Metropolitan News-Enterprise


Friday, December 19, 2014


Page 1


C.A. Declares Homebuilder Indemnification Clause Unconscionable

Panel Says Lennar’s Suit to Recover Litigation Costs From Buyers Was SLAPP




A homebuilder, having successfully defended a federal suit by buyers who claimed they were defrauded in connection with the purchases, could not recover litigation costs on the basis of contractual indemnity because the indemnity clauses in the buyer’s contracts were unconscionable, the Fourth District Court of Appeal ruled yesterday.

Div. Two affirmed a judgment, based on the granting of an anti-SLAPP motion, in favor of Stella Stephens, Timothy Young, and Melissa Young. Justice Thomas Hollenhorst authored the opinion, explaining in a footnote that the parties settled their dispute after the panel issued its tentative opinion, but that the panel felt the legal issues in the case should be resolved in a published opinion.

The plaintiffs bought homes from Lennar Homes, one of the state’s largest builders—Stephens in 2005 and the Youngs in 2006. In 2009, Stephens sued the company for fraudulent and negligent misrepresentation, asking that the matter proceed as a class action.

Additional Plaintiff

Timothy Young was added as a plaintiff by amendment. The case was eventually consolidated with several similar suits in the Central District of California, and was later dismissed.

While the buyers appealed the dismissal, Lennar sued them in Riverside Superior Court. It alleged that all of them, including Melissa Young—who was not a party to the federal case—were liable under an indemnity clause in the “Homebuyer Disclosure Statement” reading:

“Wherever in this Disclosure Buyer has been informed regarding disclosure items, Buyer represents that Buyer will not make any claims against Builder for nondisclosure of disclosure items or for alleged improper disclosure of such items. Buyer shall indemnify, protect, defend and hold harmless Builder from any costs, expenses (including, without limitation, attorneys’ fees and costs), liabilities, actions, demands and damages arising out of claims made by Buyer for nondisclosure or incomplete disclosure of the general disclosure items and items separately disclosed to Buyer in writing, or damages or harm to Buyer arising from such items.”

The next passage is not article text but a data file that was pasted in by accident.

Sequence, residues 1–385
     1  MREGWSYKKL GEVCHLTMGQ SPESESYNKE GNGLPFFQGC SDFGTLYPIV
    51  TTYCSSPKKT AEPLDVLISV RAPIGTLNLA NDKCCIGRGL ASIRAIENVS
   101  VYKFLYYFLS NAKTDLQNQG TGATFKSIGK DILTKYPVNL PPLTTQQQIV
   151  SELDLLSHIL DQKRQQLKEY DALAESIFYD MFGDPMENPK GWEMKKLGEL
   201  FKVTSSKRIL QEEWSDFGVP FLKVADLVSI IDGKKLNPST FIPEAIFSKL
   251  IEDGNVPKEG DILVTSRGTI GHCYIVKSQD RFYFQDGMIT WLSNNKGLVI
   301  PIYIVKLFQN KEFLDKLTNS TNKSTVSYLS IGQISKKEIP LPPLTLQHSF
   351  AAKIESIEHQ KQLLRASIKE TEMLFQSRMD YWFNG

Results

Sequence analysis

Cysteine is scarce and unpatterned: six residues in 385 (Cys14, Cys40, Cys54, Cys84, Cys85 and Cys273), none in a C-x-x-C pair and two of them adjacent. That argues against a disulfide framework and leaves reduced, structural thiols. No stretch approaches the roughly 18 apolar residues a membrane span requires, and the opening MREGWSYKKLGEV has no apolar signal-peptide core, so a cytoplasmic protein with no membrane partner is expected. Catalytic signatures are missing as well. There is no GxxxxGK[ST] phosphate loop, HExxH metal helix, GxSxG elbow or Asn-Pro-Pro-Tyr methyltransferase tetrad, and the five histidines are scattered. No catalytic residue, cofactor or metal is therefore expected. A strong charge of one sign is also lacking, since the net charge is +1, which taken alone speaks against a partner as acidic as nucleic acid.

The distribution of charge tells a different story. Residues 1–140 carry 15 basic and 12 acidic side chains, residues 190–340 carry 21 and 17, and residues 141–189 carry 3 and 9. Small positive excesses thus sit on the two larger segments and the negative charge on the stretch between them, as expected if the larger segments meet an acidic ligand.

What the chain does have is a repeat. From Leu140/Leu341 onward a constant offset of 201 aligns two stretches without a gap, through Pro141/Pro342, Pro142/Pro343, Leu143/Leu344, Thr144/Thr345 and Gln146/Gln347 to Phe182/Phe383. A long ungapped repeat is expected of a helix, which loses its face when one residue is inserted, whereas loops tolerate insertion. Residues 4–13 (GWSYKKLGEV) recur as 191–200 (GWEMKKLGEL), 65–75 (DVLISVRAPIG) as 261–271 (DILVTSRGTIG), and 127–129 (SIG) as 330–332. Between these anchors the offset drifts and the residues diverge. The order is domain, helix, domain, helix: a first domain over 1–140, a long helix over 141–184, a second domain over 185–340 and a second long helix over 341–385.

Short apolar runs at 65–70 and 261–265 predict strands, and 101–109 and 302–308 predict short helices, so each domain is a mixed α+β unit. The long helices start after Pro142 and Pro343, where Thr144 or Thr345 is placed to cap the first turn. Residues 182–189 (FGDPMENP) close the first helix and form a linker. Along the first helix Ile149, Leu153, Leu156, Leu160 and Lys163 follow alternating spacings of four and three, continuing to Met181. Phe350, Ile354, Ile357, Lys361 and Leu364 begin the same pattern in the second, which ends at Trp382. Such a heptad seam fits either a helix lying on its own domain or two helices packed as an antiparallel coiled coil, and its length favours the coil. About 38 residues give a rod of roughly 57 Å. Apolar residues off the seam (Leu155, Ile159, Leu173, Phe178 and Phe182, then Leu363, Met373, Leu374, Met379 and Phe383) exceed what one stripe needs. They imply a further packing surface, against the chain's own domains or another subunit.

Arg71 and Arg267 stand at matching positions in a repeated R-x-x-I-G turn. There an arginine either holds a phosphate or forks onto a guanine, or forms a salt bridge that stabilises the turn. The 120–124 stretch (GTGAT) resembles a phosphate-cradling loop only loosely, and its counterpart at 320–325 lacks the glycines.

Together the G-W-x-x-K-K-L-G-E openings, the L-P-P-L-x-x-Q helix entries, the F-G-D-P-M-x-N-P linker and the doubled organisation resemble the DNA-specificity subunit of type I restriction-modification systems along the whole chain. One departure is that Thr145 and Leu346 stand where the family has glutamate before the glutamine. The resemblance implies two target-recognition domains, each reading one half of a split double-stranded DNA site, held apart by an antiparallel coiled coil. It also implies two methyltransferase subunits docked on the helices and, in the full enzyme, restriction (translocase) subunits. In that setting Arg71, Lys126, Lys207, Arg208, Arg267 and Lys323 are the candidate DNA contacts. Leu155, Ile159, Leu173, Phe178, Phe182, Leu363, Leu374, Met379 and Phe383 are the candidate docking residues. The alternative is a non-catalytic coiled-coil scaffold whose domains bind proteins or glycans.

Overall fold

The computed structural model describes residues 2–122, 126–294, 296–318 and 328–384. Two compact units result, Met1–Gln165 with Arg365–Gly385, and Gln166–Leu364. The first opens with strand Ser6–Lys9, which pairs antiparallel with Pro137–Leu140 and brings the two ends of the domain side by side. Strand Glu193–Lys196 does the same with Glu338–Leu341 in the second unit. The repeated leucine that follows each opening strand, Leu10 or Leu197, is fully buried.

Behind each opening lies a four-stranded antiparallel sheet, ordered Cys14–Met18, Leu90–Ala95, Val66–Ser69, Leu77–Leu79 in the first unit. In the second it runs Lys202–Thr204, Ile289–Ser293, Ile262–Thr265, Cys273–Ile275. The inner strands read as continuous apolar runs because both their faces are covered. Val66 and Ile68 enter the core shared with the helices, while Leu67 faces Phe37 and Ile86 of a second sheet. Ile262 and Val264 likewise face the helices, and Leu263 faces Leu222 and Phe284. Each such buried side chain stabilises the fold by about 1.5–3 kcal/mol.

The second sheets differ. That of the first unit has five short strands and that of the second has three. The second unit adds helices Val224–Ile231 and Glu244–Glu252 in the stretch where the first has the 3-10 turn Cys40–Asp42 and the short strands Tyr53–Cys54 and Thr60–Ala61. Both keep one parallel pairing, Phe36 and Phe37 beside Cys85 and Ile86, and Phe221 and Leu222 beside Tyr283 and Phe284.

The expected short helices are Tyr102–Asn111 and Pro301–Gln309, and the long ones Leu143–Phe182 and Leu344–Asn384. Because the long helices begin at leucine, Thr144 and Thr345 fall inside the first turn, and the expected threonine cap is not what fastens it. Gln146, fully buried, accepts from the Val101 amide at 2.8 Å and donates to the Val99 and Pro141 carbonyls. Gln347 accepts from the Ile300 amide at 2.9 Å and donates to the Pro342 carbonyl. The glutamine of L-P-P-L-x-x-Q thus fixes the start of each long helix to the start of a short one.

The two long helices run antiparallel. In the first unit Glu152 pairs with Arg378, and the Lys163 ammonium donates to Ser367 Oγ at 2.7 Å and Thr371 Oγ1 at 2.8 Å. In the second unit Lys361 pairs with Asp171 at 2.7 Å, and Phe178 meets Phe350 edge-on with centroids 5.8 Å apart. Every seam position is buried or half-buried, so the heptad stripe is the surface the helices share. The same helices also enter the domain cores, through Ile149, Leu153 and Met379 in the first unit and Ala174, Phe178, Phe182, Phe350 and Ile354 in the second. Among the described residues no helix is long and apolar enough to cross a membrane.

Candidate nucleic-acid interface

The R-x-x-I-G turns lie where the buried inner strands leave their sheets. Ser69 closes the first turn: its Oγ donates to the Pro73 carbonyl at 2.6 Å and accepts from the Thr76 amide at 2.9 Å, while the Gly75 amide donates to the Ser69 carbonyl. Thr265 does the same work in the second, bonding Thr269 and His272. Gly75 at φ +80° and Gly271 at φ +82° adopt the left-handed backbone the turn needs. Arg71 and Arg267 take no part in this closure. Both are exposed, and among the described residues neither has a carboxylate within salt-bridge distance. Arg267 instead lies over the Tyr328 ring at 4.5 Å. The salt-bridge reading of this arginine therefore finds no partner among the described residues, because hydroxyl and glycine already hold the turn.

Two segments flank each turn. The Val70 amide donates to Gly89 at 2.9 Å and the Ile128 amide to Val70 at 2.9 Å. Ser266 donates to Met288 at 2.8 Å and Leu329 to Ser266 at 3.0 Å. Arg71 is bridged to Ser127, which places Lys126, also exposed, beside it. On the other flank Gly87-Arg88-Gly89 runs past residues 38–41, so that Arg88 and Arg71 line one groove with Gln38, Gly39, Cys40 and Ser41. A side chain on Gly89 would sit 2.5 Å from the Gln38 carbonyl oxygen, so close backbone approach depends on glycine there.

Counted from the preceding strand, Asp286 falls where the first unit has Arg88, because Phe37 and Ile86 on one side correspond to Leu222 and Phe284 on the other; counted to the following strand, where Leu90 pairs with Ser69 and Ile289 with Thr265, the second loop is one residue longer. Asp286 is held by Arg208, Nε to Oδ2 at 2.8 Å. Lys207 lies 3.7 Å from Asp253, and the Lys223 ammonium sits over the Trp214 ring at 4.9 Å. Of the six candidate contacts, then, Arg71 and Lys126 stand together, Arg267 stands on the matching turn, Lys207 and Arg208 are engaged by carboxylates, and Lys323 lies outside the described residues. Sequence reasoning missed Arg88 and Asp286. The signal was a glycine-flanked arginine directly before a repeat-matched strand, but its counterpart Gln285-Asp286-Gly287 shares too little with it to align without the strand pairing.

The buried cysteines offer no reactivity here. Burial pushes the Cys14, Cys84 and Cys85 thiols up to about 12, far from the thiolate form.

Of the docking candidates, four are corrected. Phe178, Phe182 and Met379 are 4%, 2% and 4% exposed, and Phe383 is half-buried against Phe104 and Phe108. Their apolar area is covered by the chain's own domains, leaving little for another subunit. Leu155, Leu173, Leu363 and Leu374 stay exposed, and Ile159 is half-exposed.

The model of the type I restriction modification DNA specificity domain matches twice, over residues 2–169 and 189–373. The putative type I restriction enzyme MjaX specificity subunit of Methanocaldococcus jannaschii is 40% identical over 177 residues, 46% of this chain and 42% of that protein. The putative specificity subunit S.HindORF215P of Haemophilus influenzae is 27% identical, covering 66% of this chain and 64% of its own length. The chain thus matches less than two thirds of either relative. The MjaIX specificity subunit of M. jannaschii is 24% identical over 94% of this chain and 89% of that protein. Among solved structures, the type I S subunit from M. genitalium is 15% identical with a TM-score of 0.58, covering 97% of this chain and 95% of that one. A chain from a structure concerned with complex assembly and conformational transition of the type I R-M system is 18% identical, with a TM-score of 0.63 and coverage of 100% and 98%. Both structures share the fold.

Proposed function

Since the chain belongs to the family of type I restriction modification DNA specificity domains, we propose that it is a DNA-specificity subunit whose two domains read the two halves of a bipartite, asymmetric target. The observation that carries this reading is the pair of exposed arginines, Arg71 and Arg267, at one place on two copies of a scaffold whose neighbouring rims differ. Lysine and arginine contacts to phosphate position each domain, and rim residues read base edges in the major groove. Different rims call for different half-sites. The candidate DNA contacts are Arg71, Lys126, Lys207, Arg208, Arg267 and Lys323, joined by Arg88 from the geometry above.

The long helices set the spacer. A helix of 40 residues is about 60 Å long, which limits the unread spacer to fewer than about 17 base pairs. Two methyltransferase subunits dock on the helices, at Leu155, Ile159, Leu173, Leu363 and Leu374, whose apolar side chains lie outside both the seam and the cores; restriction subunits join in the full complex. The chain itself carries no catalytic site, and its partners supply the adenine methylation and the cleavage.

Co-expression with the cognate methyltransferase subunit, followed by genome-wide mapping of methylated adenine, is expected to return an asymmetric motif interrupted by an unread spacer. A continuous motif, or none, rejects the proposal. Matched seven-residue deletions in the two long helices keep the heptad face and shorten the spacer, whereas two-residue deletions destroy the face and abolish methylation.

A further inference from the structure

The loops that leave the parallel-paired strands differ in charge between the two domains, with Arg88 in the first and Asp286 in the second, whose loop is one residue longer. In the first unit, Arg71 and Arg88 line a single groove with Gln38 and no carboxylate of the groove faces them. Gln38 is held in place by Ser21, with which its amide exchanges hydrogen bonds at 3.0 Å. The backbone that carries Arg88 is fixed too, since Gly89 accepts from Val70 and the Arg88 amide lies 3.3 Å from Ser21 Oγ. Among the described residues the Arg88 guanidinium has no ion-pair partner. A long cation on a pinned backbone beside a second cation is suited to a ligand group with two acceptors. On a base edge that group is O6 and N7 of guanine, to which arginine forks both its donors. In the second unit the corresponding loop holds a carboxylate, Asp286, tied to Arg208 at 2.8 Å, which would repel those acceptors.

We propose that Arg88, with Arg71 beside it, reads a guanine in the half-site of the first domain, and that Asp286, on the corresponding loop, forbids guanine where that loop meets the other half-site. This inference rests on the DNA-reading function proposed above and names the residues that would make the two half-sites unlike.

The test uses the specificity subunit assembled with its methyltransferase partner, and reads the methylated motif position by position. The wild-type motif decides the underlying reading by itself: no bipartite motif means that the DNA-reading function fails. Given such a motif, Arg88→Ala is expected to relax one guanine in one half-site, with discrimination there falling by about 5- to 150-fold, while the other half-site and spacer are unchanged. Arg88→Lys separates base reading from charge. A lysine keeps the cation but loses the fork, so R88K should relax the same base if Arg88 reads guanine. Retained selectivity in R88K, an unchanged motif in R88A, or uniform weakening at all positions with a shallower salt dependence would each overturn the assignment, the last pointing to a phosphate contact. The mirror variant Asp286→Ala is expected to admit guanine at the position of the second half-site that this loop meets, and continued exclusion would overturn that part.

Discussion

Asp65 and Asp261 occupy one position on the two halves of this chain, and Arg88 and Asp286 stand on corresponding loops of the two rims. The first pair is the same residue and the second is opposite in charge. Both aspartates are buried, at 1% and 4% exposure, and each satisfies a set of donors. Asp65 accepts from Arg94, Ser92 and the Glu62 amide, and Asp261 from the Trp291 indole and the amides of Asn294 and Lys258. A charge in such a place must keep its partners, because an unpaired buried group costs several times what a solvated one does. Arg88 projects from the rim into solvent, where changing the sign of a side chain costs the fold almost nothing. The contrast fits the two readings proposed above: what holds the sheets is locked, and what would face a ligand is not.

Stephens and the Youngs filed an anti-SLAPP motion, alleging that the suit arose from constitutionally protected activity—the federal lawsuit. Lennar responded that Melissa Young had not engaged in protected activity, because she was not a plaintiff in the federal action, and that the motion should be denied as to all of the defendants because Lennar was likely to prevail on its indemnity claim.

Trial Court Affirmed

Riverside Superior Court Judge Daniel A. Ottolia ruled for the defendants on both issues, and Hollenhorst said both rulings were correct.

The underlying lawsuit, the justice said, implicated Melissa Young’s rights, regardless of her non-party status. “[W]e find the circumstance that Timothy Young asserted causes of action owned equally by his wife, arising out of a transaction to which she was a party, for purchase of a house that is itself community property, to be sufficient basis to conclude the lawsuit to constitute an act in furtherance of Melissa Young’s right of petition,” Hollenhorst declared.

Since the suit arose from the defendants’ exercise of petition rights with respect to a judicial proceeding, the justice went on to say, the burden shifted to Lennar to show a probability of prevailing. It could not do so, he explained, because the indemnity clause is unenforceable and unconscionable.

Violates Public Policy

Not only is it part of a contract of adhesion, he wrote, but it violates substantive public policy by purporting to hold the buyers liable for costs incurred by the builder in defending its own conduct, regardless of the merits.

“Here, under the bare language of the indemnity clause, there is not even the theoretical possibility a homebuyer could be made whole for any damages arising from fraud committed by Lennar with respect to disclosures,” the jurist reasoned. “The clause is a paradigmatic example of a ‘heads I win, tails you lose’ proposition, purporting to bar any possibility of meaningful recovery for claims falling within its scope, regardless of merit….We find this to establish a high degree of substantive unconscionability, at least within the circumstances of this case—sufficiently high as to outweigh the relatively low degree of procedural unconscionability.”

The justice rejected Lennar’s argument that the unconscionability analysis should be limited to the facts of the specific case, and that there was nothing reprehensible about shifting the costs of the federal litigation to the losing parties.

“[U]nder the circumstances of this case, only by refusing to enforce the indemnity clause at all do we provide Lennar any incentive to conform the language of its contracts with consumers to the limits of enforceability under California law,” Hollenhorst wrote.

The case is Lennar Homes of California, Inc. v. Stephens, 14 S.O.S. 5783.


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